Saturday, March 26, 2011


Two recent responses to the increasing levels of rudery in our public discourse: the Daily Telegraph’s Neil Midgely informs us of the contextually justified “fuck”s that will pepper a forthcoming Radio 3 adaptation of Wuthering Heights, inevitably prompting (profanity-free) outrage across the breakfast tables of middle England; and in the New York Times, Jon Pareles notes that three songs in the Billboard Top 10 (by Cee-Lo Green, Enrique Iglesias and Pink) are similarly blessed, although the precise volume of soy latte being spat out in Manhattan is not recorded.

The problem in both cases is that the journalists in question find themselves unable to spell out the word that provoked the articles in the first place: presumably this is down to the policies of the papers that employ them. Midgely opts for the tedious “f-word”, and then resorts to “[blank]” when discussing Emily Brontë’s own self-censorship, although it’s not clear which words these blanks are replacing. Pareles is more eloquent, referring to “variations on a familiar, emphatic, percussive four-letter word.”

Of course, in writing around such unmentionables, both writers are faced with a paradox: readers who aren’t familiar with the word in question will be utterly baffled by the article; those who know it and aren’t bothered by it would have been relaxed if the veil of good taste had been lifted; and those who do know the word but don’t like it being used will have been reminded of its existence even if they haven’t read it. Pareles for one is aware of the ridiculousness of the situation:
Even if the original lyrics are off-limits to old media, it’s clear to everyone that the profane versions of the songs are going to be heard. The enforced innocence of broadcasting is no longer a cultural firewall; it’s barely an inconvenience. 
There’s a debate to be had about whether old media should give in to the barbarians, or instead maintain their decorum and thus demonstrate why in a multi-channel universe, the Times and the Telegraph and Top 40 radio are still special. As Pareles suggests, this is part of a wider question, of what newspapers and other mainstream providers are really for these days; does it still matter that they’re maintaining standards if nobody else gives a fuck? Not to address this is just f–––ing while Rome burns.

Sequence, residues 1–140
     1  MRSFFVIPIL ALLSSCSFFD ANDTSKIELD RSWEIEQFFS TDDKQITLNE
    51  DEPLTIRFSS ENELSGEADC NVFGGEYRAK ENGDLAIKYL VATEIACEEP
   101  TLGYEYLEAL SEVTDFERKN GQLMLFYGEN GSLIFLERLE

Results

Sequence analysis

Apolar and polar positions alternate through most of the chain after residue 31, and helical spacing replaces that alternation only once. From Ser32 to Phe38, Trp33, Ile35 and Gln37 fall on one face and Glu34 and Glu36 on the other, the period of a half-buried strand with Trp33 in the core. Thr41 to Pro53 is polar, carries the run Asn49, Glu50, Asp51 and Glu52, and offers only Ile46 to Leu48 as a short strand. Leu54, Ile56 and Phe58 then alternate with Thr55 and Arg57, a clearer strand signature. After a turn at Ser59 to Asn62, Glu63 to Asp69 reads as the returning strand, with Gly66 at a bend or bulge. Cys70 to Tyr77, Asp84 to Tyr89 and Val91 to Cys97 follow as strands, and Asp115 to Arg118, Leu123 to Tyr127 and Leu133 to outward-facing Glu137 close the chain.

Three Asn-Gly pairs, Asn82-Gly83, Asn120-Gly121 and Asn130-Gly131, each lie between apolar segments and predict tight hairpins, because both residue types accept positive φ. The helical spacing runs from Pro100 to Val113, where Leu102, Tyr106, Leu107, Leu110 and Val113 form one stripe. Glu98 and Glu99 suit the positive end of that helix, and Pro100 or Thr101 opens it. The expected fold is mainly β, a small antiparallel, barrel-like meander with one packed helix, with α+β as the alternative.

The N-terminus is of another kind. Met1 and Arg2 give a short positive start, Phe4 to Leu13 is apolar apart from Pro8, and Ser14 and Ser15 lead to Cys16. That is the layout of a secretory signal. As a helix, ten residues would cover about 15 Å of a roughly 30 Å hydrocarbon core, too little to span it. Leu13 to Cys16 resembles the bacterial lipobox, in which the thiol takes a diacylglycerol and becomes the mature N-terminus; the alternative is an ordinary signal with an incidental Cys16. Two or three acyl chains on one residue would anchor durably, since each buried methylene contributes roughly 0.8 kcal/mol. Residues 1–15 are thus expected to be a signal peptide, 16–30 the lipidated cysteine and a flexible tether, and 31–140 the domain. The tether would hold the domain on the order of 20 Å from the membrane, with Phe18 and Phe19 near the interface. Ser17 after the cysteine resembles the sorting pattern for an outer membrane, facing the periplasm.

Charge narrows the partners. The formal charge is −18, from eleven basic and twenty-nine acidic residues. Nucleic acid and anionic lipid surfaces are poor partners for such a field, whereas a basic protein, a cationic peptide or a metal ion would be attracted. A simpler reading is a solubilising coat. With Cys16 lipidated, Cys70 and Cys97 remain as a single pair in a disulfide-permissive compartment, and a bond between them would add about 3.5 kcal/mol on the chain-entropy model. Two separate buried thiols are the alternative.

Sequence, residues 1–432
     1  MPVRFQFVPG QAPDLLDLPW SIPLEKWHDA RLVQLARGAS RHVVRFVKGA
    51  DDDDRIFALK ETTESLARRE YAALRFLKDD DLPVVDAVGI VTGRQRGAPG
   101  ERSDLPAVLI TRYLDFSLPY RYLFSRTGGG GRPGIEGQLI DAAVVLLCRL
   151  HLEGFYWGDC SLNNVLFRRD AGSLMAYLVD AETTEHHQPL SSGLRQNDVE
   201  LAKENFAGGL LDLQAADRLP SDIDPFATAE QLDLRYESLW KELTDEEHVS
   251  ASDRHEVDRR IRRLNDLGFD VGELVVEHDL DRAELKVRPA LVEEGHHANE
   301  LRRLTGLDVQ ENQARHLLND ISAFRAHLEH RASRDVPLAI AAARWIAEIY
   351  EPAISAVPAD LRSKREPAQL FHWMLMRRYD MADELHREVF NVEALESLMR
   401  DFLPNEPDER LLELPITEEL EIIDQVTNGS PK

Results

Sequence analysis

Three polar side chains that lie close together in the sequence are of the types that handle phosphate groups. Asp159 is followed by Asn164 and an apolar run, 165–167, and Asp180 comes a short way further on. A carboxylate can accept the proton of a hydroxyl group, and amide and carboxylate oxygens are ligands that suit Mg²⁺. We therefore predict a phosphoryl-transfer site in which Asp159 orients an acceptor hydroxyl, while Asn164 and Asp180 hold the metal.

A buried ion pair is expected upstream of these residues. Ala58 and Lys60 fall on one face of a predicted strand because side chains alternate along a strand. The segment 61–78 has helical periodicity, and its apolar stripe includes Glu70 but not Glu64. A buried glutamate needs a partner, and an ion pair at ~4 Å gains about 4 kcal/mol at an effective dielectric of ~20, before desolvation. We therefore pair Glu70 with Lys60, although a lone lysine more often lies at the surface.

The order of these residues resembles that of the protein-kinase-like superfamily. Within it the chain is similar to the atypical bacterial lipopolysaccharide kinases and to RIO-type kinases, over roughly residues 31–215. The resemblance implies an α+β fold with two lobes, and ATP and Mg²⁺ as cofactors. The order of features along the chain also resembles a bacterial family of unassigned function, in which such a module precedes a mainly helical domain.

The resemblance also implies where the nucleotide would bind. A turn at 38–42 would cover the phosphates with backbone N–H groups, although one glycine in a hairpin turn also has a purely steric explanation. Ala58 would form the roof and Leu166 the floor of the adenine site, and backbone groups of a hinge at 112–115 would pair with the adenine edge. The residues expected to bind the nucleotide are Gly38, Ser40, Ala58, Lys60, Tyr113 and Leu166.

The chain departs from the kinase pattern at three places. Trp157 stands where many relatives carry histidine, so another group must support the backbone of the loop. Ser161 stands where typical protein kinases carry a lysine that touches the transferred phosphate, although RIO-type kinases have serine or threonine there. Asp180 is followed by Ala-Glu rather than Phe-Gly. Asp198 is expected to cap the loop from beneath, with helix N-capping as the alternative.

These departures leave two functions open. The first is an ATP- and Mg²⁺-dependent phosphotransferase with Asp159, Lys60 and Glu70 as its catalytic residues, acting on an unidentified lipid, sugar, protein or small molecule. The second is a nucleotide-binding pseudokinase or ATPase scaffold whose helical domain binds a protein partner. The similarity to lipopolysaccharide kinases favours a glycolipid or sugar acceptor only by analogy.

Dick Headley said...
This comment has been removed by the author.
Dick Headley said...
This comment has been removed by the author.
Anonymous said...

B*******!I really couldn't give a f**.

I do enjoy taking censoring a little step further, thereby rendering the hardly at all offensive, more contentious. It works with bleeping out parts of audio recordings too. Great fun, and makes it difficult for the po-faced victim to frame a complaint.

(Apologies to those who would have prepared to have read crap, balderdash and fig for themselves.)

Spinsterella said...

Yeah, but it's not the journalists' choice, is it? It'll be their idiot editors and their idiot interpretation of an idiot language policy.

I once worked with an irredeemable cunt who wouldn't let me even mention the Happy Mondays album Bummed.

Tim F said...

I think they did that on one of the 60s satire shows, BWT: censoring the Beatles to create "I Wanna Hold Your ----".

It's not the journalist's choice, Spin, but I think Pareles has fun with the restrictions that the NYT taste and decency police have inflicted on him.

Andy said...

It functions with bleeping out components of audio tracks recordings too.
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